Amplitudes of resting-state functional networks - investigation into their correlates and biophysical properties.
Lee S., Bijsterbosch JD., Almagro FA., Elliott L., McCarthy P., Taschler B., Sala-Llonch R., Beckmann CF., Duff EP., Smith SM., Douaud G.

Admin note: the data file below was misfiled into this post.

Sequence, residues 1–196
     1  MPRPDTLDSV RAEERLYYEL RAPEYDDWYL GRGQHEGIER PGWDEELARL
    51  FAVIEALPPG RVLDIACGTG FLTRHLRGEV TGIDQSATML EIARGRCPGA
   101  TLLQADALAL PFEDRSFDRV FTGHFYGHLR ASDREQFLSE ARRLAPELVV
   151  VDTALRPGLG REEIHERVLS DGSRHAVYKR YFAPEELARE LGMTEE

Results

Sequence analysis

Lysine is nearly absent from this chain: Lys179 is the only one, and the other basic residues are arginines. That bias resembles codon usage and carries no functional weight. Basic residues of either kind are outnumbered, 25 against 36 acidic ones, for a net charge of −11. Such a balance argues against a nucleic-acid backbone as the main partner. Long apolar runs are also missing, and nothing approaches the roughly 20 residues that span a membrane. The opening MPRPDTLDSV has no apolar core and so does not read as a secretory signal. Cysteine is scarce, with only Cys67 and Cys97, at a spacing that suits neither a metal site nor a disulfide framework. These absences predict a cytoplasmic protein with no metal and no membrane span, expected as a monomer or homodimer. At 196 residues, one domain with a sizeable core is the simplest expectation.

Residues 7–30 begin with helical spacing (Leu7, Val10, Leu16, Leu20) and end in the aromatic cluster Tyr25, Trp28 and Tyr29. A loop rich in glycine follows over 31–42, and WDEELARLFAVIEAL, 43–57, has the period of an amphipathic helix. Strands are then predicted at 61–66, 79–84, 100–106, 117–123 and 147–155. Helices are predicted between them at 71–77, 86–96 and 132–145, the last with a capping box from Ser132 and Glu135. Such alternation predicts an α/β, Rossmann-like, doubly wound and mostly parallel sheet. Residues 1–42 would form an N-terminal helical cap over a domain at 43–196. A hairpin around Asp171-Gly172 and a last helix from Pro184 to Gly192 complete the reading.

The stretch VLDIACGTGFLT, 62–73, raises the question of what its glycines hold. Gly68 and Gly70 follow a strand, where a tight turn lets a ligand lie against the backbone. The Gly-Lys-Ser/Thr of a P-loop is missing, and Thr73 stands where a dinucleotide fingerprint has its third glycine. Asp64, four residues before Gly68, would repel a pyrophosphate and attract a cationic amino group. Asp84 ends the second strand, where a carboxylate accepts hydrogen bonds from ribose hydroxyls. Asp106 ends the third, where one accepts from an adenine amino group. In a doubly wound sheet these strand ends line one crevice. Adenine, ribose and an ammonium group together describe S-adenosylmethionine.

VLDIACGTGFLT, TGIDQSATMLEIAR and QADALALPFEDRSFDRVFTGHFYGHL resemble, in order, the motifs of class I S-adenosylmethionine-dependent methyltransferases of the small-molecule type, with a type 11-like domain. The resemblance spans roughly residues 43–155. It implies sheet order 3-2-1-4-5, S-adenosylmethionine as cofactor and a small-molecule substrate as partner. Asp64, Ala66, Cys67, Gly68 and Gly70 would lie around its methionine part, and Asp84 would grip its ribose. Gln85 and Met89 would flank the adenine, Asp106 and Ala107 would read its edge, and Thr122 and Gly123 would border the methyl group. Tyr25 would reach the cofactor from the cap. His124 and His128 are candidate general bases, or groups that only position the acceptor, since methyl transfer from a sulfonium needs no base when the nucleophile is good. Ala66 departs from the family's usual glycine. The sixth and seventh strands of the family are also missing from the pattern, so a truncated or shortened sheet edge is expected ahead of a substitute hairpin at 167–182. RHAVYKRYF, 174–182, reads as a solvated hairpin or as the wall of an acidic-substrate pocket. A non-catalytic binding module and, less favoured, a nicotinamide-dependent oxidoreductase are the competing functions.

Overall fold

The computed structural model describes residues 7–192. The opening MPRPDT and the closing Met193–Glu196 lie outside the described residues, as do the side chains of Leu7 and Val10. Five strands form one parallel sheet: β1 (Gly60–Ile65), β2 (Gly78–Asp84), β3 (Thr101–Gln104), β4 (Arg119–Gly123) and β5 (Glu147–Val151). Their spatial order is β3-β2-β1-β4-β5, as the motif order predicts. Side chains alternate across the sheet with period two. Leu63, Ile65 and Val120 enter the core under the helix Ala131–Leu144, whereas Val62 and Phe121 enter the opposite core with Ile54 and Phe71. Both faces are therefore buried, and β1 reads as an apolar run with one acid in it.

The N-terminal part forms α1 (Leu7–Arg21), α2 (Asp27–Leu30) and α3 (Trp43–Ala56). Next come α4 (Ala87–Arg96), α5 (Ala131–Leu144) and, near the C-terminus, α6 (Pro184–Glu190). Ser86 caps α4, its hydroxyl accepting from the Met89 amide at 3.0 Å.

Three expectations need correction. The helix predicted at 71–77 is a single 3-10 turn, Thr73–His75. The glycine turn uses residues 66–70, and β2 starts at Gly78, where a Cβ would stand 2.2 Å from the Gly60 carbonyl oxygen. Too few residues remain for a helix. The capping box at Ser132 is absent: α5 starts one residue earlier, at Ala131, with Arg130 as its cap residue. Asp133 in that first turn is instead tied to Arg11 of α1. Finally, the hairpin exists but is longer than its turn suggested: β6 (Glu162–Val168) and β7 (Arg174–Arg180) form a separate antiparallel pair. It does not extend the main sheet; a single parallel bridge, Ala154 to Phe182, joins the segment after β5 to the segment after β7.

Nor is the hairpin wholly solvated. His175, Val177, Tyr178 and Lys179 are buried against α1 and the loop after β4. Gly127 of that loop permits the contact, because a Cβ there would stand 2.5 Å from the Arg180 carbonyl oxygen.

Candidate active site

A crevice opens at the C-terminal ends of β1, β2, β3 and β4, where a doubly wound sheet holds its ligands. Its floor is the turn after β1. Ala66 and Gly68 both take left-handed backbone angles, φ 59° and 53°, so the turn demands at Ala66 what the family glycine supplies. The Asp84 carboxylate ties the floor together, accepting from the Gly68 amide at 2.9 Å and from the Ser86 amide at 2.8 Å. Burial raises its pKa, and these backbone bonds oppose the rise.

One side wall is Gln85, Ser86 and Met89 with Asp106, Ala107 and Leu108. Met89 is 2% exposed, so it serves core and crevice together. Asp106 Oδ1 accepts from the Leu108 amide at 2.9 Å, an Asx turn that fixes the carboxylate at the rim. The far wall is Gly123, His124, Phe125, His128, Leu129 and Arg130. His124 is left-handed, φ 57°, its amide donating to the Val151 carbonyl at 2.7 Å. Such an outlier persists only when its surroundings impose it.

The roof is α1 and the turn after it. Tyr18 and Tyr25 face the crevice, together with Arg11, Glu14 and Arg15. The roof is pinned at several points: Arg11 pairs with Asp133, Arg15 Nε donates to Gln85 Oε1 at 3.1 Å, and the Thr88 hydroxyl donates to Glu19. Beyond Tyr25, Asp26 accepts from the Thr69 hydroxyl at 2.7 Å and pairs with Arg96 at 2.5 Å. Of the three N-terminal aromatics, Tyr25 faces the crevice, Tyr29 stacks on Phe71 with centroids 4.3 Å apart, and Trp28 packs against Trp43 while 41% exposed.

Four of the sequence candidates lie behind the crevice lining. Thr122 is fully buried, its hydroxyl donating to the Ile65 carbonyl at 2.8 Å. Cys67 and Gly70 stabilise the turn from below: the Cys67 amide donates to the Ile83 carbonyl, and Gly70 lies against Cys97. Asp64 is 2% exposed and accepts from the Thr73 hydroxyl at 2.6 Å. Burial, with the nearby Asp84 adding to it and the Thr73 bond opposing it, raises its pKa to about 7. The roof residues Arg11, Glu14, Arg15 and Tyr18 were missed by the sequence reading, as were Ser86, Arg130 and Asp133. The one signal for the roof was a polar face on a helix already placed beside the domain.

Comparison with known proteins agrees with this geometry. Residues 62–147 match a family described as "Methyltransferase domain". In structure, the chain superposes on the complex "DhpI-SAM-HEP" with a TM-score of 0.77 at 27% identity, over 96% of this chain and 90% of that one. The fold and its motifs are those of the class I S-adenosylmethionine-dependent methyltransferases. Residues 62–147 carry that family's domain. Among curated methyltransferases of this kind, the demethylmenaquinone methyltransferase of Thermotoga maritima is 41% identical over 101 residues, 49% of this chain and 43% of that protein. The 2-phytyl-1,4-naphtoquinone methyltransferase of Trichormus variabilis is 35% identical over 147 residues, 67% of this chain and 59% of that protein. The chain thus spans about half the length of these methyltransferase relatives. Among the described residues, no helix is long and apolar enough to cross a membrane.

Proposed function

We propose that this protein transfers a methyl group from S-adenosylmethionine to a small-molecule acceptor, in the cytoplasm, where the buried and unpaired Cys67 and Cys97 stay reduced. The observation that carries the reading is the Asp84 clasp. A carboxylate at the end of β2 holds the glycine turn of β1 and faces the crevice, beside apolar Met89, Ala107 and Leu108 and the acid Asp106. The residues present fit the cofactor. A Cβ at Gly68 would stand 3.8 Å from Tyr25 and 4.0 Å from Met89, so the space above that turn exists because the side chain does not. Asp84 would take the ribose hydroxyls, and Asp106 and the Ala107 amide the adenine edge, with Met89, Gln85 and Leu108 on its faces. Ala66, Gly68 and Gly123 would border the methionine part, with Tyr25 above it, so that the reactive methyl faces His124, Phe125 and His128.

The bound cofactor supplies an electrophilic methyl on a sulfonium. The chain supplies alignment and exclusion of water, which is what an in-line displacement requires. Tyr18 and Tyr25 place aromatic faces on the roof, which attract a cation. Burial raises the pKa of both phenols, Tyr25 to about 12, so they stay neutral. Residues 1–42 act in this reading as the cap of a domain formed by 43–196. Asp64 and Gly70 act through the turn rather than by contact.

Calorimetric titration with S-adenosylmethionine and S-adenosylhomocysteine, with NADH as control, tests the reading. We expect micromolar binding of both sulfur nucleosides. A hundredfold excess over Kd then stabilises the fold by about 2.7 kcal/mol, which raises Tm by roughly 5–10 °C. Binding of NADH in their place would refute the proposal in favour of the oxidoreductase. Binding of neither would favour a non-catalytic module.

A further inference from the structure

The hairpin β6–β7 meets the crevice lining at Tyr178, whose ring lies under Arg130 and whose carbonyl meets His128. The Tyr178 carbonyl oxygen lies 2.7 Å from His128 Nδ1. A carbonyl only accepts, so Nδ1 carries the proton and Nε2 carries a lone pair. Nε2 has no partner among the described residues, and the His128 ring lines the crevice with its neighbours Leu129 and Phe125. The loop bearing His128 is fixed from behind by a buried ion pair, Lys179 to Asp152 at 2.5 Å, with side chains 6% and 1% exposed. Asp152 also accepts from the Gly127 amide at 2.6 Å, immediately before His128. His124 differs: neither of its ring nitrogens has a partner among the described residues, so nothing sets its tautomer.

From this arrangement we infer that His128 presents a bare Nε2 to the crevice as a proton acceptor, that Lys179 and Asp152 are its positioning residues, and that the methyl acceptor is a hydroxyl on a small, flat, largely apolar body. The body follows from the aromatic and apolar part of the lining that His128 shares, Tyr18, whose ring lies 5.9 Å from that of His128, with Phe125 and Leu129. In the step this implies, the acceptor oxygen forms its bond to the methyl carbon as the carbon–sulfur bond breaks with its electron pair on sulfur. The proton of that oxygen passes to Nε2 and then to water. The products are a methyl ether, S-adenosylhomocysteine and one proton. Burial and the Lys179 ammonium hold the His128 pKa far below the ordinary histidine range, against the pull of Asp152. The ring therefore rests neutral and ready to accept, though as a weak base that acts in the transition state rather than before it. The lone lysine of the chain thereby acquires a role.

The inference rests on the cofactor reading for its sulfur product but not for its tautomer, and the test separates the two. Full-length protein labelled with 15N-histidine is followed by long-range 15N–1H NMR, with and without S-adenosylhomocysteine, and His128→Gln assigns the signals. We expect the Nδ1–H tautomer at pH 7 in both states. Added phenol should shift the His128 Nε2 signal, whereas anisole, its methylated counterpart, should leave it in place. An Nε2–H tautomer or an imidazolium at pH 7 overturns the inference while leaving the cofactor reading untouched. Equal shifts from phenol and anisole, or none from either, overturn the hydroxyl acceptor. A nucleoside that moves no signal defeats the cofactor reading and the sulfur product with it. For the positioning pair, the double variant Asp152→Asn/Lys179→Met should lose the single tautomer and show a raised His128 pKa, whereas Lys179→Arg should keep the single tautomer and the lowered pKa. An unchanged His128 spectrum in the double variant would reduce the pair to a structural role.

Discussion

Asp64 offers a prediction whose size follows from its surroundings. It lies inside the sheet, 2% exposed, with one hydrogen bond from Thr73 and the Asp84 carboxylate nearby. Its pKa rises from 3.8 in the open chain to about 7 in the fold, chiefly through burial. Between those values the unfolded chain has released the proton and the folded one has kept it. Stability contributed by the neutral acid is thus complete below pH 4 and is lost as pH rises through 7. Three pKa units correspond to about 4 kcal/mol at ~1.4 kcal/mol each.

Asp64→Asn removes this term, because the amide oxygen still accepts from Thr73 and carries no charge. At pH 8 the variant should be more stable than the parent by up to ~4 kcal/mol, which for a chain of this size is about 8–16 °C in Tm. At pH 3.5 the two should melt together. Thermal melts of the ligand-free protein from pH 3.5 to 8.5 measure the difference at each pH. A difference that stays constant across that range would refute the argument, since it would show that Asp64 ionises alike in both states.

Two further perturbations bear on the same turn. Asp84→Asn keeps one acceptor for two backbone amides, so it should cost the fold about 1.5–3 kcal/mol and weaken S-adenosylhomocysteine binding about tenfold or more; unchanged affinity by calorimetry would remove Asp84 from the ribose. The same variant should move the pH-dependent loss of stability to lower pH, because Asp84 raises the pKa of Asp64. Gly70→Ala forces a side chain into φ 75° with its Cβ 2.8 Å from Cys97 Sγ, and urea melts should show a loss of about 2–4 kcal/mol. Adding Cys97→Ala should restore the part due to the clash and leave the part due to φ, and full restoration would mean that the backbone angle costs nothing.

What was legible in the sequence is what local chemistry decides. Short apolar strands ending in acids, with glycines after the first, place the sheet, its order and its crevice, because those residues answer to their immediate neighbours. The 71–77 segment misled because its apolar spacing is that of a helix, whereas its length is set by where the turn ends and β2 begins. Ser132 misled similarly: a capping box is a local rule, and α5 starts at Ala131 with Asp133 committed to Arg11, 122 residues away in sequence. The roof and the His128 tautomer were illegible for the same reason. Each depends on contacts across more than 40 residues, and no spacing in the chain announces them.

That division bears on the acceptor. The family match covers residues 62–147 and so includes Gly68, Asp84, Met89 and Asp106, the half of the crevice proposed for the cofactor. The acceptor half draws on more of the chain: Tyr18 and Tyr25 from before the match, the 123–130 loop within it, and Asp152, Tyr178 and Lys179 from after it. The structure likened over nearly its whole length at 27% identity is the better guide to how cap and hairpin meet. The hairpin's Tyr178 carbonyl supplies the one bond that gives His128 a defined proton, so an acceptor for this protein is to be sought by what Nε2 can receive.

Resting-state fMRI studies have shown that multiple functional networks, which consist of distributed brain regions that share synchronised spontaneous activity, co-exist in the brain. As these resting-state networks (RSNs) have been thought to reflect the brain's intrinsic functional organisation, intersubject variability in the networks' spontaneous fluctuations may be associated with individuals' clinical, physiological, cognitive, and genetic traits. Here, we investigated resting-state fMRI data along with extensive clinical, lifestyle, and genetic data collected from 37,842 UK Biobank participants, with the object of elucidating intersubject variability in the fluctuation amplitudes of RSNs. Functional properties of the RSN amplitudes were first examined by analysing correlations with the well-established between-network functional connectivity. It was found that a network amplitude is highly correlated with the mean strength of the functional connectivity that the network has with the other networks. Intersubject clustering analysis showed the amplitudes are most strongly correlated with age, cardiovascular factors, body composition, blood cell counts, lung function, and sex, with some differences in the correlation strengths between sensory and cognitive RSNs. Genome-wide association studies (GWASs) of RSN amplitudes identified several significant genetic variants reported in previous GWASs for their implications in sleep duration. We provide insight into key factors determining RSN amplitudes and demonstrate that intersubject variability of the amplitudes primarily originates from differences in temporal synchrony between functionally linked brain regions, rather than differences in the magnitude of raw voxelwise BOLD signal changes. This finding additionally revealed intriguing differences between sensory and cognitive RSNs with respect to sex effects on temporal synchrony and provided evidence suggesting that synchronous coactivations of functionally linked brain regions, and magnitudes of BOLD signal changes, may be related to different genetic mechanisms. These results underscore that intersubject variability of the amplitudes in health and disease need to be interpreted largely as a measure of the sum of within-network temporal synchrony and amplitudes of BOLD signals, with a dominant contribution from the former.